-Kendall gets some impressive air on a shoulderblock, but Hart applies a bearhug. A bearhug doesn’t quite have the same impact when a 215-pound wrestler is doing it to a 175-pound wrestler, for the record. Pringle, at ringside, screams with “impotent rage” at his man.

-Hart blocks and fights off every attempted offensive move by Windham, treating him like, well, a total jobber, funnily enough. Gordon mentions that they might cut away from this match for a backstage interview with the competitors in the tag team match later in the night, but they’re still setting up backstage. I repeat, they’re preparing to cut away from the match for the territory’s main championship so we can listen to a promo.

-Kendall finally shows some signs of life, but Hart puts a stop to that with another bearhug. You know what? Actually, just have the interview in the ring.

-Hart fires a series of uppercuts as Windham, and then just walks away so Kendall can take a breather. Snapmare by Hart and he follows with a rear chinlock. Jesus. If they have more technical difficulties, I feel like they’ll just show this match again instead of the “please stand by” graphic.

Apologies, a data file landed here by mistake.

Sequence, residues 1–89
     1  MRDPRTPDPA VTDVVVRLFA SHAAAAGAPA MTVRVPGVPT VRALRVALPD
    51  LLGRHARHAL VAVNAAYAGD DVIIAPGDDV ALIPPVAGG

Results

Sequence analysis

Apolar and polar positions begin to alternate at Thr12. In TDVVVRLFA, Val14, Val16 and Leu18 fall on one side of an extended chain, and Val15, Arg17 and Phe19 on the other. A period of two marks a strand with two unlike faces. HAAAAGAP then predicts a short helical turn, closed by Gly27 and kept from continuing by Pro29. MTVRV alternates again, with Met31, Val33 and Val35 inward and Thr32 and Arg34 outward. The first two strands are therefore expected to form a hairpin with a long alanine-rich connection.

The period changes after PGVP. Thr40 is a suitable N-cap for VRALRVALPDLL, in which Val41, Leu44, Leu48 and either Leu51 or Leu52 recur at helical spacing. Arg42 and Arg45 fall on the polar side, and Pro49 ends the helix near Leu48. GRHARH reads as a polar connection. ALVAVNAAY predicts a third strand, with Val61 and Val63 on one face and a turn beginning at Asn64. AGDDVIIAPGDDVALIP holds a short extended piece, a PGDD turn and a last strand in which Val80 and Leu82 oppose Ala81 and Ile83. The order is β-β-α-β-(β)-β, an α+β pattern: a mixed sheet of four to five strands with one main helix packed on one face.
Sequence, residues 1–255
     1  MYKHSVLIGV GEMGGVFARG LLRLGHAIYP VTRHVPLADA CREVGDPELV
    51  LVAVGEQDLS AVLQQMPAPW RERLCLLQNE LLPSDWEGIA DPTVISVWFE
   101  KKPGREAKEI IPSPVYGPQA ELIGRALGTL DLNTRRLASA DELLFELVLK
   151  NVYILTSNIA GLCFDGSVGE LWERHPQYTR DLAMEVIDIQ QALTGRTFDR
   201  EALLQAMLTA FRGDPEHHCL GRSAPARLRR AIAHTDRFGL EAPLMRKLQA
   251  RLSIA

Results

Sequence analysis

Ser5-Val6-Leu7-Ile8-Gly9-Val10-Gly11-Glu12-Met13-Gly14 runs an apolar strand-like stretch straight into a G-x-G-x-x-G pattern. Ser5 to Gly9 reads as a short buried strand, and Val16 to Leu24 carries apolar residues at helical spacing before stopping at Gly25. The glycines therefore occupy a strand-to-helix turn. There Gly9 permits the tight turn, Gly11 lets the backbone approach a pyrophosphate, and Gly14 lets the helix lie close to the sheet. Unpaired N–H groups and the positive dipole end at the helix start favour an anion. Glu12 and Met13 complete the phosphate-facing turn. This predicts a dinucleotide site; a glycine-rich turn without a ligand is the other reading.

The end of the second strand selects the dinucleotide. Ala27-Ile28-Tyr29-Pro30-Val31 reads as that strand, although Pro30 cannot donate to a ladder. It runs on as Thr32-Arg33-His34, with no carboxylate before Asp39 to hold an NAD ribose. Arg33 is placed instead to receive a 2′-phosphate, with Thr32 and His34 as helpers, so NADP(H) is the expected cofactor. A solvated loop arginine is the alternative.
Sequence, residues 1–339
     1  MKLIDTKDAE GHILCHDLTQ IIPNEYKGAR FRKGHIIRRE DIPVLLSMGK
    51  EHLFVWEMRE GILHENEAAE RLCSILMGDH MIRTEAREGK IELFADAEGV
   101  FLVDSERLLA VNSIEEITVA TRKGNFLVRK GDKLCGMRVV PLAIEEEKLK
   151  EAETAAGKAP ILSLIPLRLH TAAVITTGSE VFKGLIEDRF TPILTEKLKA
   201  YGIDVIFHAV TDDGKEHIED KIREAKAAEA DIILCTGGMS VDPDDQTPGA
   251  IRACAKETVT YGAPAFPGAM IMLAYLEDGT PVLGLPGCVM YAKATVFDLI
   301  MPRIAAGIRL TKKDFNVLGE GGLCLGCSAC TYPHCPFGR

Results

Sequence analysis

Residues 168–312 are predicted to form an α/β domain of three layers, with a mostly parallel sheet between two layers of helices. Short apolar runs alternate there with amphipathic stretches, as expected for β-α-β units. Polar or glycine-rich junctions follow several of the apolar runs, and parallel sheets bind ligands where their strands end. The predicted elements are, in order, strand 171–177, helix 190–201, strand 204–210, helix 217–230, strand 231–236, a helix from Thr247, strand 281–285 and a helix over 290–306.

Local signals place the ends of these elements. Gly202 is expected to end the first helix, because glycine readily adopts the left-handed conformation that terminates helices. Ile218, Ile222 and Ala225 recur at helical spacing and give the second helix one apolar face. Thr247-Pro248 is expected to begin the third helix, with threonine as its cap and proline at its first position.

-Kendall dodges a bodypress of the second rope, and “Something Actually Fucking Happened” gets the biggest pop of the match so far. Series of clothesline by Kendall and a kneedrop for two. Kendall sets up for the Stampede (bulldog) but Hart goes to the eyes. He misses a clothesline, and Kendall hits a bodypress for three. Goddamn, really? 1 for 3. Kendall looked like wrestling’s jobbiest jobber for 90% of the match and then wins the belt on a fluke. You can’t help feeling that this territory was just giving up at this point.

-Coach John Heath, who you might remember from earlier in the night, talks to Harley Race. He’s teaming up with Stan Hansen tonight to face the Road Warriors for the AWA Tag Team Titles. He says that before the Road Hogs came along, he and Larry Henning held those belts for four years, and he’s ready to go. And he also wants a piece of Ric Flair or Wahoo McDaniel. He doesn’t like either of them and he wants his NWA Title back after they’ve had their match.